Methadone during pregnancy: The search for a valid animal model

D. E. Hutchings, A. Zmitrovich, S. Church, D. Malowany

Research output: Contribution to journalReview articlepeer-review

4 Scopus citations


It has long been known that maternal addiction to opiates during pregnancy produces passive addiction in the newborn. When the synthetic opiate, methadone, became widely used for the treatment of heroin addiction, attention was focused on its possible reproductive and developmental toxicity. The clinical data clearly indicate that prenatal exposure to methadone produces a neonatal abstinence syndrome and that the symptoms, characterized by generalized CNS arousal, persist for as long as 4-6 month after birth. Long-term neurobehavioral follow-up studies to pre-school age have not found any obvious cognitive impairments or deficits in IQ. Some of the children, however, may be at risk for developing problems of fine motor coordination and attention deficit disorder that are likely to lead to poor school performance. These effects probably have complex origins and include primary drugs effects, postnatal/environmental interactions and genetic susceptibilities. Regardless of their interpretation, however, it is important to emphasize that from a risk/benefit point of view, most workers would agree that methadone maintenance poses far fewer hazards, both to the mother and her offspring, than continued abuse of heroin with its associated medical complications, psychosocial turmoil, but most importantly, risk of HIV infection. Because of their pharmacological relevance to the issue of human kinetics, it is hoped that the more recent animal studies of prenatal methadone exposure using the osmotic mini-pump will shed more light on the problem of developmental toxicity. A major goal of these studies is to provide sound preclinical scientific data on the developmental effects of methadone that could contribute to a safe but efficacious dosing regimen for pregnant clients so as to reduce risk of relapse to IV drug use and exposure to HIV infection.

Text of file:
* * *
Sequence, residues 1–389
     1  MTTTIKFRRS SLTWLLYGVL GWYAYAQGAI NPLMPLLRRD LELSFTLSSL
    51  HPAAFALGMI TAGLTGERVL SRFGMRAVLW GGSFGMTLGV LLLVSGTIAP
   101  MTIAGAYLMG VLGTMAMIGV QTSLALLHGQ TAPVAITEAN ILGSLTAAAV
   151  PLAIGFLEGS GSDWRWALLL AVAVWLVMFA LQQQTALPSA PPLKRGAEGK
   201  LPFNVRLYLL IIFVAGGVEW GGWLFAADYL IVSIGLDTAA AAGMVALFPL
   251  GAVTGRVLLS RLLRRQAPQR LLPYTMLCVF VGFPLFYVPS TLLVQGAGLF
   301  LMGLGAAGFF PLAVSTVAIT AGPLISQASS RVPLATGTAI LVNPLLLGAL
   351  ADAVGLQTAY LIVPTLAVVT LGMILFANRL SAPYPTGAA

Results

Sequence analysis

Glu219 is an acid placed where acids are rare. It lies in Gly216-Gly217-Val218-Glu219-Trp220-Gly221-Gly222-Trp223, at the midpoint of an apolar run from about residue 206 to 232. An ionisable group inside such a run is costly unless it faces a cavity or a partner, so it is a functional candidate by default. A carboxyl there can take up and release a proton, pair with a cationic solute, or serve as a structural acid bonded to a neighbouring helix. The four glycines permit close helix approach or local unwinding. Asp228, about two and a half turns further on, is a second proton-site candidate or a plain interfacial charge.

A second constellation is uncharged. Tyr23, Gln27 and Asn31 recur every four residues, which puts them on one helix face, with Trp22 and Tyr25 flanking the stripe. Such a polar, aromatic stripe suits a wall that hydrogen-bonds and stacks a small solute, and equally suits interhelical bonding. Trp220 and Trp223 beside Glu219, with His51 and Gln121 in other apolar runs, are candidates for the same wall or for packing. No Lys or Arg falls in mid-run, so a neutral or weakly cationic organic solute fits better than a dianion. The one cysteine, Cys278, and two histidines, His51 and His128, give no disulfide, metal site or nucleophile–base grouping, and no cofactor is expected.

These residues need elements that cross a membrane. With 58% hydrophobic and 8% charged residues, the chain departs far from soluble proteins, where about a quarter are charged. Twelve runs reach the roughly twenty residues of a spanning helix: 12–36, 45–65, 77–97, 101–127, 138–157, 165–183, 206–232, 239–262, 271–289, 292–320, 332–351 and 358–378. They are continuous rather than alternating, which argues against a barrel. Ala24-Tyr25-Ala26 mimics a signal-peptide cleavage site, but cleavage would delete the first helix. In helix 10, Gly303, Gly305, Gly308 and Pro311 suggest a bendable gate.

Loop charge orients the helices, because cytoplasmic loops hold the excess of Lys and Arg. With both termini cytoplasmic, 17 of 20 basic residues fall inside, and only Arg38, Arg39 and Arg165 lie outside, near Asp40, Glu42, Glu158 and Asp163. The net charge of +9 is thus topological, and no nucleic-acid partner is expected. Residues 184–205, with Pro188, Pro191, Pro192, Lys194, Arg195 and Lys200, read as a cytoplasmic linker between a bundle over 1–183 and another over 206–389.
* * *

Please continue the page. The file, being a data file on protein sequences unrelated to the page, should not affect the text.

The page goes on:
Original languageEnglish (US)
Pages (from-to)439-444
Number of pages6
JournalAnnali dell'Istituto Superiore di Sanita
Issue number3
StatePublished - Dec 1 1993
Externally publishedYes


  • animal model
  • methadone
  • prenatal-neonatal abstinence

ASJC Scopus subject areas

  • Public Health, Environmental and Occupational Health


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